Posted: Wed 4th Jul 2018
People from ethnic minority backgrounds and immigrants to the UK are twice as likely to be entrepreneurs in Britain, major new research reveals.
The findings from Aston University, using data from the Global Entrepreneurship Monitor (GEM), the biggest global study of entrepreneurship with more than 12,000 UK adults taking part, measures "total early-stage entrepreneurial activity" (TEA) which is those in the first three months of setting up a business or people who've been running a firm for up to three-and-a-half years.
At the start of 2017, the TEA rate for non-white Britons was 14.5% compared to 7.9% of white Britons.
There was a similar increase among immigrants to the UK, both white and non-white. In 2017, 12.9% were early-stage entrepreneurs, compared to 8.2% of the UK-born population as a whole.
The report said that since the financial crisis in 2008, the difference in entrepreneurship between non-white Britons and migrants compared to white British people "widened substantially".
Before then, both groups' rates were on a downward trend and set to match the more static rates among white and life-long UK residents.
When it comes to their motivations for starting their businesses, two-thirds of women said they became an entrepreneur to contribute to society, compared to 39% of more. In addition, 58% of women set up to a business to help others in need, while 38% of men said the same.
Individuals from non-white ethnic backgrounds, immigrants to the UK and people under the age of 30 were more likely to be strongly motivated by both making money and creating meaning than those from white ethnic backgrounds or aged 30 or over.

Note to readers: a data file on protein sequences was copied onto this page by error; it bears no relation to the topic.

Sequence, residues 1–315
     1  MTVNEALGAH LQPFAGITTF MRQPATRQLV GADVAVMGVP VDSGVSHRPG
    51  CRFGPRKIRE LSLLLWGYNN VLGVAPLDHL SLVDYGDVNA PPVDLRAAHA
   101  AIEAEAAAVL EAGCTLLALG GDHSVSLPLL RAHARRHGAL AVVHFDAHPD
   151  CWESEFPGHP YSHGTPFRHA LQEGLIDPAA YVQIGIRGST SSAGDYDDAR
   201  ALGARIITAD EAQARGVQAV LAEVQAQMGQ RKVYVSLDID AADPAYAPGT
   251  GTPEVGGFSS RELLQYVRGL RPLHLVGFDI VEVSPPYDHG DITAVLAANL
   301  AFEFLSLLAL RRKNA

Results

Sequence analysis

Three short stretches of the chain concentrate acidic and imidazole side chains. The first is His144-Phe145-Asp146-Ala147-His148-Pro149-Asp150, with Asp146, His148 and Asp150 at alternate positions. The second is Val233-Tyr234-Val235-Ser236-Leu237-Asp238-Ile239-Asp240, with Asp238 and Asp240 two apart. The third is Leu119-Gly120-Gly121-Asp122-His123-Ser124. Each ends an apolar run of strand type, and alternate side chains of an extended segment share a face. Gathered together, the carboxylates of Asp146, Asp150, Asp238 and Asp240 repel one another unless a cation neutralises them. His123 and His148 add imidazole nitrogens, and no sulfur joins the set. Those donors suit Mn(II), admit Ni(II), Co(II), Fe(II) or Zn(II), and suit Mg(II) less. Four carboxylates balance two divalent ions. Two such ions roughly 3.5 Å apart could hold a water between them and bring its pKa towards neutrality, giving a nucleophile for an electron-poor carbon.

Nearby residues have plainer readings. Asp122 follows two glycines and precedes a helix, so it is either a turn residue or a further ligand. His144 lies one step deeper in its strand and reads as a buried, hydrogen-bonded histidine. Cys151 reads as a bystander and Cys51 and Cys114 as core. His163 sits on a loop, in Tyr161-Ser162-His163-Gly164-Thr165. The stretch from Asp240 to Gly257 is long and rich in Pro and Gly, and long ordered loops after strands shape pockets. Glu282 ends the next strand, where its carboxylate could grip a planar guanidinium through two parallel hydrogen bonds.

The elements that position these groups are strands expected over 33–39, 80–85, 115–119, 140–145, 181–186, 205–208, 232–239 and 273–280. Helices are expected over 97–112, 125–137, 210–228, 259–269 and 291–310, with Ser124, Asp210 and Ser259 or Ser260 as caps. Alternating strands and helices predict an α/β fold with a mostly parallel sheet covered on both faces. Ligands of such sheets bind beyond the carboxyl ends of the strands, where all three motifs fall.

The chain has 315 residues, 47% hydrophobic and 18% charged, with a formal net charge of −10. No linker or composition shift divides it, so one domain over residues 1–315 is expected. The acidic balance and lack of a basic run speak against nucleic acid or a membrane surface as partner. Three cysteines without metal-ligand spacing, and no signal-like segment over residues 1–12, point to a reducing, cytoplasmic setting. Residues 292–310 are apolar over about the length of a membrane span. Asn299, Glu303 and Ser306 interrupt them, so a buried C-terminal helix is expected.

Making money was also more important to individuals with low or no educational qualifications.
Mark Hart, professor of small business and entrepreneurship at Aston Business School, said: "What this tells us is that minorities and immigrants are making a big contribution to the prosperity of the UK, growing new firms and creating jobs in our communities.
"Often, they're setting up their businesses with the express aim of having a social impact beyond simply making money.
"These findings are particularly relevant as the UK heads towards Brexit. We need to ensure we remain an attractive place for enterprising immigrants, who make a big contribution to our economic dynamism as a nation."
Jonathan Levie, professor at the Hunter Centre for Entrepreneurship at Strathclyde University, added: "The reasons for the high levels of early-stage entrepreneurship among minority communities and immigrants in the UK are complex, but the evidence suggests that a family business background, cultural attitudes and educational achievement all play positive roles.
"Perceived discrimination and lack of recognition of foreign qualifications in the labour market may also make a difference, but it's notable that the vast majority of people who become entrepreneurs in the UK do so out of opportunity, not necessity."
Across the UK population as a whole in 2017, early stage entrepreneurship was 8.7%, which compares favourably to 3.9% in France and 5.3% in Germany but lower than the 13.6% in the US.